The following article is adapted from remarks delivered April 10 at the George W. Bush Institute's conference on "Tax Policies for 4% Growth." Thorndike is a fellow of the institute's 4% Project.
* * * * *
When it comes to tax policy, revenue is the main thing, but it's not the only thing. Politicians can argue long and hard about how much money the federal government needs, but they can also work up quite a sweat over how best to raise it. That second debate can actually be more vicious than the first, especially when framed as a trade-off between growth and fairness.
Not everyone accepts the existence of the trade-off. Pro-growth partisans generally see it as a nonissue, with growth dissolving questions of distributional equity. Rising tides, expanding pies -- pick your metaphor -- but the essential point remains: Growth makes everyone better off.
Some fans of fairness also reject the notion of a trade-off. They say that progressive redistribution of wealth and income is actually the key to long-term growth. Prosperity broadly shared is the only prosperity that lasts.
Other fairness champions view tax policy as a zero-sum game, in which pro-growth cuts for a lucky few are paid for with higher taxes on the rest of us. In its most pessimistic form, that argument rests on the assumption that growth will be too modest to resolve distributional concerns. Rather than hoping for a new and bigger pie, we need to focus on how to slice the one we have.
More upbeat iterations of the fairness argument simply reject the notion that growth -- however spectacular -- can ever make equity irrelevant. No amount of shared prosperity can paper over the essential injustice of rampant inequality.
Contemporary debates over tax policy reflect all those disparate views. But arguments over fairness and growth are hardly new. Indeed, they have animated debates over federal tax policy since the early days of American nationhood. Several decades in the middle of the 20th century were especially vital. Between 1930 and 1960, the champions of equity and growth struggled to define the appropriate focus of federal tax policy. And both sides won.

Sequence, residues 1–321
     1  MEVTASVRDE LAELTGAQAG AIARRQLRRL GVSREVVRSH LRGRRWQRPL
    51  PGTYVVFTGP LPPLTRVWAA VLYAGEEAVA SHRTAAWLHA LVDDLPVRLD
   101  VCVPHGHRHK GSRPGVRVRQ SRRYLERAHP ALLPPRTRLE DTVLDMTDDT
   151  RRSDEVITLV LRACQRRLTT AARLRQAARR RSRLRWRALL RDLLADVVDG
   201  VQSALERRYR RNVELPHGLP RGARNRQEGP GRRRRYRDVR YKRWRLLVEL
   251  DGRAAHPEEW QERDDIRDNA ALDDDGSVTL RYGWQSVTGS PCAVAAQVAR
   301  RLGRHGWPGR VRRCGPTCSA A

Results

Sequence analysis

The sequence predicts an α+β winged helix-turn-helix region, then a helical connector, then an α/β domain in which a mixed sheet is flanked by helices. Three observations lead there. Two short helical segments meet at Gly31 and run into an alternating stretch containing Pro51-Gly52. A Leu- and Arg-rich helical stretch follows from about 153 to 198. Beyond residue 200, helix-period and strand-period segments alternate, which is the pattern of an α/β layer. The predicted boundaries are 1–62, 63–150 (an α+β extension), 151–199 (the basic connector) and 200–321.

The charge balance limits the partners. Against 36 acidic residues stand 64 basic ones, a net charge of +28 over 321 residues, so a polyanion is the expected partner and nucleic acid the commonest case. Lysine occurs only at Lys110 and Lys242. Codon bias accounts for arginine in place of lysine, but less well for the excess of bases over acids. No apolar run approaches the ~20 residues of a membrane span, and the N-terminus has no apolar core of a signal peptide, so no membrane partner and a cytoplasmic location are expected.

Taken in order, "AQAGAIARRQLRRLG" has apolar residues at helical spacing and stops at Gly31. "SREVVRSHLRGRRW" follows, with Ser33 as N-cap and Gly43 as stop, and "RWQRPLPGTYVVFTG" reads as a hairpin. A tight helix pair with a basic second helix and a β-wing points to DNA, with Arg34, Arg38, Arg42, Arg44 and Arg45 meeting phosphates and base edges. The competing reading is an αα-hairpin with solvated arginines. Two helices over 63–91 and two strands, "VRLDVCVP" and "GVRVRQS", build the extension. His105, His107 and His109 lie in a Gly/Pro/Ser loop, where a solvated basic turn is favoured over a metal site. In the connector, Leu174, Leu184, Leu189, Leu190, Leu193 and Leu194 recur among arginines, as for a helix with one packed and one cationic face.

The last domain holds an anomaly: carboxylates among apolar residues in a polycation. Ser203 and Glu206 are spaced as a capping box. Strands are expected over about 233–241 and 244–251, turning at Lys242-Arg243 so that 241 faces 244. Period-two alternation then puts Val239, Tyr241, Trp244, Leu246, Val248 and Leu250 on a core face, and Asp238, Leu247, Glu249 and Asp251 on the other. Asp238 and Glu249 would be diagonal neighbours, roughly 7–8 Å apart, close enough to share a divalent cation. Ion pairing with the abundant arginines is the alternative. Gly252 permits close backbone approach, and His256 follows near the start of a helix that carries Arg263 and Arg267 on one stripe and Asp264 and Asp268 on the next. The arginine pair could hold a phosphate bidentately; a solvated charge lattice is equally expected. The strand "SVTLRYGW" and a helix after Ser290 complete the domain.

1930s: Fairness Over Growth
For much of the 1930s, federal tax policy reflected a dismal set of assumptions about the nation's economic future. While most political leaders and policy experts believed the Great Depression was a temporary phenomenon, a substantial cohort of "stagnationist" economists were less hopeful about the future. Often associated with Harvard economist and early Keynesian Alvin Hansen, the stagnationists believed that the U.S. economy was "maturing." The high-growth years of our national adolescence were over, done in by the closing of the frontier, a steady decline in birthrates, and the limited prospects for technological innovation. Rather than fighting those inexorable trends, lawmakers should try to cope with them. The United States needed to live within its economic limits, according to the stagnationists.
For tax policy, stagnationist thinking implied a new focus on fairness. If the economy wasn't going to grow (at least not much), then taxes should be used to redistribute existing wealth. Moreover, to the extent that a larger government was necessary to cope with slow economic growth, the cost of that government should be more equitably distributed.
A weaker version of stagnationism -- one that held out at least some hope for continued growth -- focused on the dangers of oversaving. According to that line of thinking, growth depended on more consumption, not more investment. Consequently, tax policy should be designed to increase aggregate demand rather than aggregate supply. Higher taxes on the rich were good, because they took money from people inclined to save and gave it to a government inclined to spend. Similarly, taxes on corporate income, including a new levy on undistributed corporate profits, would force companies to disgorge idle capital and get it to shareholders (who would presumably be more inclined to spend it).
Broadly speaking, New Deal tax policies reflected those stagnationist theories about the economy, as well as proto-Keynesian notions of demand management. But even some New Deal economists were worried about the heavy emphasis on progressive tax increases. Even assuming that oversaving was a problem, undersaving (and underinvestment) could still slow recovery from the Depression. Such concerns did not bring an end to the progressive thrust of New Deal tax reform (although electoral reverses in the late 1930s forced the Roosevelt administration to backtrack on its more ambitious reforms, like the undistributed profits tax). But they did reflect a diversity of opinion, even among liberals, about the proper focus of federal tax policy.
1940s: Fighting Inflation
World War II brought an end to stagnationist thinking about the U.S. economy. As historian Robert Collins wrote in More: The Politics of Economic Growth in Postwar America, "The coming of World War II resolved the ambivalence of the Depression era, tipping the balance decisively away from the economics of scarcity and toward economic expansion."
But if the war demonstrated the nation's enormous potential for economic growth, it also underscored the dangers of unchecked inflation. In the late 1930s, economists speculated on the use of activist fiscal policy to manage aggregate demand, with a keen eye on tax reform that would increase it. The war shifted attention to limiting demand, at least on the consumer side of the economy. Lawmakers expanded the income tax dramatically, asking millions of middle-income Americans to pay a tax long confined to the nation's economic elite. Only a mass tax could be used to effectively manage aggregate demand, according to most economists.